It’s been a long time since my last post; I injured my hand pounding the keyboard at work and have been staying away from computers as much as I can while I’m not working. Mobic, the anti-inflammatory the doctor prescribed, didn’t seem to have any effect besides upsetting my stomach. An old college friend in Colorado recommended that I try acupuncture and that’s what I’ve been doing nearly every day for the past two weeks. Then I go back to work and re-injure the hand, but I’ve had gradual improvement, so I keep getting the treatments. I’m typing this note by hunt-and-peck method, not using my painful thumbs.
Acupuncture needles with the little springs on the ends gave me the heebie-jeebies, so I never considered getting a treatment. Now, I was desperate enough to try it. I didn’t know what to expect. A friend had told me about a sliding-scale place right in my neighborhood with a group setting, so that’s where I went. The acupuncturist, I’ll call him James, explained it to me first and said it would take at least 10 treatments to tell whether it would help my hands. He pointed to a painting above the couch in the waiting area with sleeping people in chairs floating above the ocean. He said that’s what it’s like and people usually fall asleep. He said I could stay as long as I liked.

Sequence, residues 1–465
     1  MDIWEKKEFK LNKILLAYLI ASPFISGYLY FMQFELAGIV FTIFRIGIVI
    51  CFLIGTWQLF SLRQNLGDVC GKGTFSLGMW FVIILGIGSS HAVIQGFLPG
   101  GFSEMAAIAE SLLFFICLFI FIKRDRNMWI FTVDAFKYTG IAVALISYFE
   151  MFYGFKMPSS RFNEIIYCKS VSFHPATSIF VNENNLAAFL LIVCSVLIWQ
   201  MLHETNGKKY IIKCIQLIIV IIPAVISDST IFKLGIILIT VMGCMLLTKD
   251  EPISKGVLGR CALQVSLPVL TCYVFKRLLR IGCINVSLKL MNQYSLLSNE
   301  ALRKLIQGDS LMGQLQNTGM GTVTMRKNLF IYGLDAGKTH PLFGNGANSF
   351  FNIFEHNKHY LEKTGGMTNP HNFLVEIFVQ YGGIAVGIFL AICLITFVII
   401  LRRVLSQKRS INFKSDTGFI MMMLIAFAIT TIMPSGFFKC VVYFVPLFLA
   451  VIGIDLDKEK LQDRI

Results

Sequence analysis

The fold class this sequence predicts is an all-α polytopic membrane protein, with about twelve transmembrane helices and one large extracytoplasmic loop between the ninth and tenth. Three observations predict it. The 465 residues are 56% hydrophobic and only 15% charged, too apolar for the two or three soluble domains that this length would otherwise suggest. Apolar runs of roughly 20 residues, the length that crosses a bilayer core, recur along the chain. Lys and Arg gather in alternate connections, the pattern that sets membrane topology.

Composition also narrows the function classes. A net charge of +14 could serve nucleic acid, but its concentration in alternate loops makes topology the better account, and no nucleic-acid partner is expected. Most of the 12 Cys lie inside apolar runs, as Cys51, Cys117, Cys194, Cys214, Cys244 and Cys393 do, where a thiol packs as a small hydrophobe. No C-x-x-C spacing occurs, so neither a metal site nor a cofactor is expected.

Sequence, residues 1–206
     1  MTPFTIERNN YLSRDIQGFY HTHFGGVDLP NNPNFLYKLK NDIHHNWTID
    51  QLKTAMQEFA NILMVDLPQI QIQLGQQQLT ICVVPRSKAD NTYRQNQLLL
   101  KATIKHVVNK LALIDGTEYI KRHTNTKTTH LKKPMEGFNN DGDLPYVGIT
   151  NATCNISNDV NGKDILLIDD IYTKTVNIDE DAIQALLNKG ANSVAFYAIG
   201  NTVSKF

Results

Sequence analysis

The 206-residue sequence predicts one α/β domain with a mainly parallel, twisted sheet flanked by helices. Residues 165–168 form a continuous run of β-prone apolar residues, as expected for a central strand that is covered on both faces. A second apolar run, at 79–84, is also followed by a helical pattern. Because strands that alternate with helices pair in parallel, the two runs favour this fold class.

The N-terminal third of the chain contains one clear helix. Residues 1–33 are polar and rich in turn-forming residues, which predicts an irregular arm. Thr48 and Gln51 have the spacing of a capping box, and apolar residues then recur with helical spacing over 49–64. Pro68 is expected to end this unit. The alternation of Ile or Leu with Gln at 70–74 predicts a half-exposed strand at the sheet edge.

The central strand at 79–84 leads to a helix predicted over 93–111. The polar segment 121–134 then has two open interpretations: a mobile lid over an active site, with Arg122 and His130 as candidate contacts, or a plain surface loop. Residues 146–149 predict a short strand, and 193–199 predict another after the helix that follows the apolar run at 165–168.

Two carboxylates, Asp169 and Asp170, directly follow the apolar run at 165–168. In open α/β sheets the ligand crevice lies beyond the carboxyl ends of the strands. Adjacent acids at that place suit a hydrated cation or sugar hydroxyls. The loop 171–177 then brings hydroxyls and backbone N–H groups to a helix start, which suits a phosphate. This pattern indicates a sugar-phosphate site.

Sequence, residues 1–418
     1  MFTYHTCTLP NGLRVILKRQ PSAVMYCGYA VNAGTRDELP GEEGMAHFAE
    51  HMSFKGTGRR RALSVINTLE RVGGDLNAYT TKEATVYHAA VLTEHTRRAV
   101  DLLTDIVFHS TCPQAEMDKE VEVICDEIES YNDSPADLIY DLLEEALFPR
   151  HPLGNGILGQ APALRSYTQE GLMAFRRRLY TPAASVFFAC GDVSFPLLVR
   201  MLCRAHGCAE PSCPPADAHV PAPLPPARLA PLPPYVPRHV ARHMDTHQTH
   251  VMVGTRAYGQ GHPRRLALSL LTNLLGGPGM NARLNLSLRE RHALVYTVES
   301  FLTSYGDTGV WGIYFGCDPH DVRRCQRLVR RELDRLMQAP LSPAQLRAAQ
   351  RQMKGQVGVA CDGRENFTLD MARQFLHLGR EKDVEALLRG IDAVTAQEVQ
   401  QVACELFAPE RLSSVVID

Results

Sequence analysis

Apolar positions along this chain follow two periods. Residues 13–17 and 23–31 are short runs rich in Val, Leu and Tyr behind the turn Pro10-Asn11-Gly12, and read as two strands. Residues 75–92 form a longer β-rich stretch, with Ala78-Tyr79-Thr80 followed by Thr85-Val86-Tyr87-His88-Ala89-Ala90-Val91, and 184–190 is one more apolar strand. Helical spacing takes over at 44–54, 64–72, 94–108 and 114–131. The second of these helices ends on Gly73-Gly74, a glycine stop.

The treatment room is like a big, dimly lit cave full of recliner chairs. I just go in and choose a chair, and James finds me. After a whispered conversation, he puts needles in my hands, arms, legs, feet, and head. I don’t know how it works, but in a few minutes, I’m in a deep, meditative state that lasts for about an hour. I do not fall asleep, and I hear bits of the conversations James has with the other clients who come in after me. I hear the word “stress” a lot. For this one hour, stress goes away. A lot of the people in the room are snoring and some of the gasps and snorts sound like apneic episodes. I dissolve and make myself permeable so the snores just pass through instead of jolting me out of my deep state. For me it’s not like floating above the water; it’s more like being on the bottom of the ocean, and coming to is like floating slowly up to the surface. I feel groggy afterwards, and it takes awhile before I’m fully alert. The spring-loaded needles don’t bother me anymore.